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Maikäfer flieg!, the title of André Butzer’s solo exhibition at Kunstverein Friedrichshafen refers to the famous German folk and children’s song. Over the course of time, writers, artists and musicians have used the piece once and again. The atrocities of the Second World War, however, fostered its sad popularity significantly. In 1963, Paul Celan read »tiny sheaves of hope« from the fateful lines. In 1974, Anselm Kiefer associated it to Adolf Hitler’s »Nero Decree.«

In 2023, André Butzer calls his exhibition in Friedrichshafen Maikäfer flieg! The foundations of his œuvre being not only the upheavals in painting but all the horrors and promises, the industrial revolution and modernity have spawned. Including the National Socialists’ mass extermination as well as the premises of capitalist mass consumption, Friedrich Hölderlin as well as Henry Ford, Walt Disney or Coca-Cola.
From on 1999 he has developed Science Fiction Expressionism as his personal pictorial universe, in which the fundamental conflict of human existence manifests itself—the inseparability of good and evil. Past, present and future merge and give rise to a fictitious pictorial world, albeit one imbued with the real and his sensibility. In this world, everything beautiful and horrific, bliss and misfortune, all love and all hate, joy and sorrow are inseparably equal parts of human existence.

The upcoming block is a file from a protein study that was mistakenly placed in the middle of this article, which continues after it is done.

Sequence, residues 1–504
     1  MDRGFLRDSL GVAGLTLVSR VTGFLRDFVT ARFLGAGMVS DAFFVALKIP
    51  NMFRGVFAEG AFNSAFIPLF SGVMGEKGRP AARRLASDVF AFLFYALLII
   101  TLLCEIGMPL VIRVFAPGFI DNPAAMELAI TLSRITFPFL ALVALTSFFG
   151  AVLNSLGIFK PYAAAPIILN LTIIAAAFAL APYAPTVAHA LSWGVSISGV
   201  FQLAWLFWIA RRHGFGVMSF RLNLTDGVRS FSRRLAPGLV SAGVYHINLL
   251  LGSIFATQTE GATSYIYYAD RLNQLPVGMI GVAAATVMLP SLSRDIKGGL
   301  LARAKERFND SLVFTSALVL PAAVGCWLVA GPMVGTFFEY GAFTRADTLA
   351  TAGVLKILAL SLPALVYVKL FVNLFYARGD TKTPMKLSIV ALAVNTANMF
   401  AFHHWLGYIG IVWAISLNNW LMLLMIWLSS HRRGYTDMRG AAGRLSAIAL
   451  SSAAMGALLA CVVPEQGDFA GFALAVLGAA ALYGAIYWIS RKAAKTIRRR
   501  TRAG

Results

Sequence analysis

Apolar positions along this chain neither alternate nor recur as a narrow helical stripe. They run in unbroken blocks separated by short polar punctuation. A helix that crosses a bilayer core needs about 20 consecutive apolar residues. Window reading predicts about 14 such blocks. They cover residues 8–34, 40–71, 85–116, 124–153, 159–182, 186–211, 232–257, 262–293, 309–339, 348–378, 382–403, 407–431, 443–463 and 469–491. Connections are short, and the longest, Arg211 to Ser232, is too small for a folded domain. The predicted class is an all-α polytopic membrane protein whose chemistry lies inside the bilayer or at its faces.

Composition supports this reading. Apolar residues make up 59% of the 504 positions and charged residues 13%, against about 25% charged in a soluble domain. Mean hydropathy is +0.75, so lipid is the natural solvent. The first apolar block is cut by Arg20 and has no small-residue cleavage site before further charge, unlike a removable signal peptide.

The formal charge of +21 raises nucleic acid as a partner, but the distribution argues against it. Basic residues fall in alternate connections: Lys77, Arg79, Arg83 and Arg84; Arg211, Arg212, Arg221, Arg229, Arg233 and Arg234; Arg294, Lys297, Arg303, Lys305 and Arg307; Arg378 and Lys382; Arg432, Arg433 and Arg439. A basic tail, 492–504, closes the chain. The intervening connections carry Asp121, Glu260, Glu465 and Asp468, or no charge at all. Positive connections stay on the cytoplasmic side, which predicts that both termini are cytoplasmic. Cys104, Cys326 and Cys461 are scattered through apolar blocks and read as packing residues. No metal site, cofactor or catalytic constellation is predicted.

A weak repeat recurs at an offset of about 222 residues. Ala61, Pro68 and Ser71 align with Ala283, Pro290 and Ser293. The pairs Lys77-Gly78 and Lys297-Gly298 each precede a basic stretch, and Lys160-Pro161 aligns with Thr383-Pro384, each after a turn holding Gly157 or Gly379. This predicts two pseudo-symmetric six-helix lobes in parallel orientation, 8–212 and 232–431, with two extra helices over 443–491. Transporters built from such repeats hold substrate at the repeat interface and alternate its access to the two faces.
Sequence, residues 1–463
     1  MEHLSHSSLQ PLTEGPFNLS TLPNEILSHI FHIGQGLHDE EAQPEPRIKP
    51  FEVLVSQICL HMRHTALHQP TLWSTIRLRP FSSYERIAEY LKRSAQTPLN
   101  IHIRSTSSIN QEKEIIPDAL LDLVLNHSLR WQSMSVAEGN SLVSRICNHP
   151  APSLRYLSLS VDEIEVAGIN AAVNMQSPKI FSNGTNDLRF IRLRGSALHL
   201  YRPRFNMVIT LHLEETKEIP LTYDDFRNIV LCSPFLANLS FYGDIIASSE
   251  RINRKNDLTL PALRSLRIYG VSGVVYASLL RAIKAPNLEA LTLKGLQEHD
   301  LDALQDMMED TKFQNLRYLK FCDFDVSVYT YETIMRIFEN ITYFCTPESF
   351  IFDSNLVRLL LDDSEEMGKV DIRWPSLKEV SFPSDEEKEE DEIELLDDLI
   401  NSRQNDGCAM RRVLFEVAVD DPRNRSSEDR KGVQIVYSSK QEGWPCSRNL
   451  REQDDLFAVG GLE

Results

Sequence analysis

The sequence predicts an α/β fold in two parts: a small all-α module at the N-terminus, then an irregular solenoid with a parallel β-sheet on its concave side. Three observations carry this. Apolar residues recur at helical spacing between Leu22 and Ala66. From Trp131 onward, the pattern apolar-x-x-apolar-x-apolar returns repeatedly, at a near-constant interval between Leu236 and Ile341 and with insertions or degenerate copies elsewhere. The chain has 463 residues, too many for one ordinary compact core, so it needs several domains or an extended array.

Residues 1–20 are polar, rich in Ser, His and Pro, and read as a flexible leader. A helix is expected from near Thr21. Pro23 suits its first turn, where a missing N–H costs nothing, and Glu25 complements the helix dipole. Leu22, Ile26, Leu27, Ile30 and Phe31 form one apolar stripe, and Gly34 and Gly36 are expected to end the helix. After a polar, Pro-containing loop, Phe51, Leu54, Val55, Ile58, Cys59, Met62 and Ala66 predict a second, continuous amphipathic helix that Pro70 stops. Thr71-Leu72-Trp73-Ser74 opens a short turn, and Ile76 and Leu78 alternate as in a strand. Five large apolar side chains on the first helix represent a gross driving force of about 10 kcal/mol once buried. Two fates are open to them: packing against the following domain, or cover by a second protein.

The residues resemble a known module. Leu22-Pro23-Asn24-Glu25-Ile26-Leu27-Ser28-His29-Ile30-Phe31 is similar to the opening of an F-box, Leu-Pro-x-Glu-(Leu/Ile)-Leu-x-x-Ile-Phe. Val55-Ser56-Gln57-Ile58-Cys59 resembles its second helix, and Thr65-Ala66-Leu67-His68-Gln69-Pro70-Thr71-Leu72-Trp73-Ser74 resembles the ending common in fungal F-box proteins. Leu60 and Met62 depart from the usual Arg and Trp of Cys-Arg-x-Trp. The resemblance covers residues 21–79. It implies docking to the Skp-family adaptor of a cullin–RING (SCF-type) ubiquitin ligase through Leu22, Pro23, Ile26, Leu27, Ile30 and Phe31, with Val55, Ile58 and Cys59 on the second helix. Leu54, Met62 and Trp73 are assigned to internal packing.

For the Kunstverein, he has created four watercolors along three monumental paintings, which grew from his contemplation of Edvard Munch’s time in Warnemünde in 1907–1908. Butzers personal experiences, such as a train trip to the Polish seaside town of Kołobrzeg in 2003, are further points of reference. These serial paintings of one of his iconic characters, the »Man of Shame,« embodying the inherent contradictoriness of human existence as well as the inner strife, modernity has left behind.
As an offspring of mass media and the entertainment industry, the Man of Shame holds within himself all the abysses of earthly existence. In search of peace and a place in the world, he becomes a wanderer. It is here, where the pictorial figure and Butzer’s biography coincide. He, too, is a homeless wanderer who paints himself throughout history into a vague future. His own paintings harbor the very possibility to endure and withstand all contradictions that made him a restless seeker as well.